What is a “Terrific Tuesday”? An opportunity, just like any other day, to look at life optimistically. It sounds more poetic and, for this article, works better than “Mundane Mondays” or “Weird Wednesdays.”
Days in which to decide to see the positive and not the negative. To be a “my cup is half-full” kind of person. To see Tuesdays (or any other day for that matter) as terrific and not terrible. Why? Because no matter what happens, God is still in control. I’d say that’s pretty terrific when you’re dealing with a chronic illness like Parkinson’s disease, wouldn’t you?
So, here are some pretty terrific things about this past Tuesday:
- The skies were cloudy, threatening rain. I wouldn’t need to water my plants. Yahoo!
- I dreamed I got a golden retriever dog. I will love my dog!
- The dishwasher was washing dishes for me.
- My new electric toothbrush was (and still is) awesome.
- The two geese flying overhead were talking (perhaps squawking) to each other.
- It began to rain. Hooray for puddles!
- I got a new picture of my grandson.
- I got to watch my grandson.
- My grandson didn’t say “no” at all on Tuesday!
- My grandson didn’t cry when I wouldn’t sing the “Hush Baby’” song “just one more time” while putting him down for his nap.
Just imagine if it had been a terrible Tuesday … a cup-half-empty kind of attitude about everything in life, including your disease. Same issues, different perspective:
- Another dreary, wet, cold, dismal day. I’ll most likely get wet socks. I’ll probably get sick. For sure, I’ll get stiffer. Oh, phooey on rain!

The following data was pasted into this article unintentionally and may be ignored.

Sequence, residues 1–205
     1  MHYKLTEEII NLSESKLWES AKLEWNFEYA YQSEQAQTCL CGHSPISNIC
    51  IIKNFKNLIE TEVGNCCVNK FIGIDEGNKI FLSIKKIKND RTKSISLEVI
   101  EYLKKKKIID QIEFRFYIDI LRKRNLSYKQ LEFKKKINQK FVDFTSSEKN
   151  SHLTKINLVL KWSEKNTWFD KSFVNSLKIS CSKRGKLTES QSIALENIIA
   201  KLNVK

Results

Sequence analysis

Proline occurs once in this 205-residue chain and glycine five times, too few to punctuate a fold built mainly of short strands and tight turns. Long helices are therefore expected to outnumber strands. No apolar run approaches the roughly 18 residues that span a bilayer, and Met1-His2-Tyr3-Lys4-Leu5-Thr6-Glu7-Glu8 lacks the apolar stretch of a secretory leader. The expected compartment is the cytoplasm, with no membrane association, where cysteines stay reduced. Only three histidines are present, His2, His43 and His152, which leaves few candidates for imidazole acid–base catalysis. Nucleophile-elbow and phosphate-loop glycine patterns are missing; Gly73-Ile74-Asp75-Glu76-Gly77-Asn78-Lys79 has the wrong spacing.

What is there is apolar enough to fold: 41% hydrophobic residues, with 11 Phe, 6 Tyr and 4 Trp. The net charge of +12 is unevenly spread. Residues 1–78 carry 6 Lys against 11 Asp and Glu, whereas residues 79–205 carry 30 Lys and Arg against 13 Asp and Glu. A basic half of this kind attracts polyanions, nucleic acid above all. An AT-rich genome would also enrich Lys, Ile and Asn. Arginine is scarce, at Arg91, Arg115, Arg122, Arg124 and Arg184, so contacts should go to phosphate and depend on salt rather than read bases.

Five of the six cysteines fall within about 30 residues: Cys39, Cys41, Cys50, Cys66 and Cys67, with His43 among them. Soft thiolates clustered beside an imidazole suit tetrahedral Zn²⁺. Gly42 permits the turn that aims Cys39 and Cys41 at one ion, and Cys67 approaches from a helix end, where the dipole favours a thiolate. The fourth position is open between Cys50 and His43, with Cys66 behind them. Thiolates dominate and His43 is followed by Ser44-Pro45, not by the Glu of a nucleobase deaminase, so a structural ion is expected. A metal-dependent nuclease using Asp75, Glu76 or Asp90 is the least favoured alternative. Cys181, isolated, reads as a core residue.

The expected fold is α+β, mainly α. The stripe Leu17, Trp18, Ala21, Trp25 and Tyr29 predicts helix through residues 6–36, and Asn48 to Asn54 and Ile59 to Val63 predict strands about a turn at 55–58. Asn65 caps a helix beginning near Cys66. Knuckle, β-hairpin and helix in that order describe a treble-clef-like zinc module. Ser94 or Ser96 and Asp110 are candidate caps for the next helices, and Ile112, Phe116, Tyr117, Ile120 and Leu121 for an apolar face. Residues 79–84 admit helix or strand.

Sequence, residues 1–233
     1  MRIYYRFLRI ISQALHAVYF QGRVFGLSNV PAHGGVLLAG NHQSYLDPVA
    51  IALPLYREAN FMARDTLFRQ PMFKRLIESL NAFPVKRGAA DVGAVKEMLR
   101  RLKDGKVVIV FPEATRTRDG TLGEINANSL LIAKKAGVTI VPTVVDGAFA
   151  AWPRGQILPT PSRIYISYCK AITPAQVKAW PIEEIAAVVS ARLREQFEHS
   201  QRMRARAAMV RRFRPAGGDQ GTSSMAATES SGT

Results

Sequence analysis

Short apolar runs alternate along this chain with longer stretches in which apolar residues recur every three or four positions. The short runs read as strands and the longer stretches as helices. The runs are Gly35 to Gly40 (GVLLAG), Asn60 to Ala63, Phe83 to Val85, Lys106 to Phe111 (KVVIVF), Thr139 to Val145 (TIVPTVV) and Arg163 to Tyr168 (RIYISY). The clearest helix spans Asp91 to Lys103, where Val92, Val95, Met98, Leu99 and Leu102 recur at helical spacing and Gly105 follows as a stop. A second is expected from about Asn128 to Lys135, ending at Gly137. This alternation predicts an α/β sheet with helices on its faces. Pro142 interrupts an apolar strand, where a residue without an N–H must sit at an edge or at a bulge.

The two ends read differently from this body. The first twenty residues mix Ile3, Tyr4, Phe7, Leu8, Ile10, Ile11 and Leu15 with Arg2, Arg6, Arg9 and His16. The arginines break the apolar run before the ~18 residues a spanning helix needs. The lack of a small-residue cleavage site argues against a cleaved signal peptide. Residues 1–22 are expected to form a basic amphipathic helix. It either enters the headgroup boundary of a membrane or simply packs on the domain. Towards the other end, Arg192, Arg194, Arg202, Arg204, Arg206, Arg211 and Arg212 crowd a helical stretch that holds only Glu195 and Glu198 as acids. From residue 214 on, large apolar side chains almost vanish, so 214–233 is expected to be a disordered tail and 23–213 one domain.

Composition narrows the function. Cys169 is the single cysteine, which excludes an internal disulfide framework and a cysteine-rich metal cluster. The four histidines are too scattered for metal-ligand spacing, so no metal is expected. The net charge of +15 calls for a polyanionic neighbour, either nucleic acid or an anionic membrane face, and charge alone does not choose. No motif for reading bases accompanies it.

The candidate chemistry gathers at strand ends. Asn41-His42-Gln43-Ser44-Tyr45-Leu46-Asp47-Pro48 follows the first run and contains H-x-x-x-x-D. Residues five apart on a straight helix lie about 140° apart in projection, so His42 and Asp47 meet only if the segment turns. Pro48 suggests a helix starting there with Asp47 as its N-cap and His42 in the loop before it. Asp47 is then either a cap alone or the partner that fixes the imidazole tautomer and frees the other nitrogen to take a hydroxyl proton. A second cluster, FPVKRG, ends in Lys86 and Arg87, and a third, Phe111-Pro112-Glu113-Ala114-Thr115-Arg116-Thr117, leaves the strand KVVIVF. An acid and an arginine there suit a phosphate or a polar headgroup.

- If I had a dog, it would be outside where all animals belong and not shedding hair inside to make more work than I can do anyway. But I don’t have a dog, and that bums me out.
- The dishwasher is so loud that I can’t hear myself complain, and when it finally shuts off, I’ll have to empty the thing.
- I can’t believe what they charge for electric toothbrushes nowadays. Why, when I was a kid …
- I wish I had me a rifle; I’d shoot me a goose.
- It’s raining — again. I hope my grandson doesn’t want to get out in the puddles. Just imagine the mess.
It really is perspective, attitude, and choice — how we choose to look at life and deal with it, even when we’re stuck with having a chronic illness. Having a cup-half-full attitude is so much better than always focusing on the negative, which, by the way, does no one any good, especially those who are living with the disease. We will spend our days miserable with grief if all we think about are the things we are missing out on because of this disease. Or we can change our attitudes and start enjoying the days we do have left.
If you’re feeling shortchanged on life because of having PD or caring for someone with PD, take a minute and count your blessings. There is at least one. Start with that one. You need only to look in the half-full glass and quit staring at and focusing on the half-empty one.
Gotta go. There are some fresh rain puddles my grandson and I have to check out, and maybe a worm or two to rescue from drowning.
Note: Parkinson’s News Today is strictly a news and information website about the disease. It does not provide medical advice, diagnosis or treatment. This content is not intended to be a substitute for professional medical advice, diagnosis, or treatment. Always seek the advice of your physician or another qualified health provider with any questions you may have regarding a medical condition. Never disregard professional medical advice or delay in seeking it because of something you have read on this website. The opinions expressed in this column are not those of Parkinson’s News Today or its parent company, BioNews Services, and are intended to spark discussion about issues pertaining to Parkinson’s disease.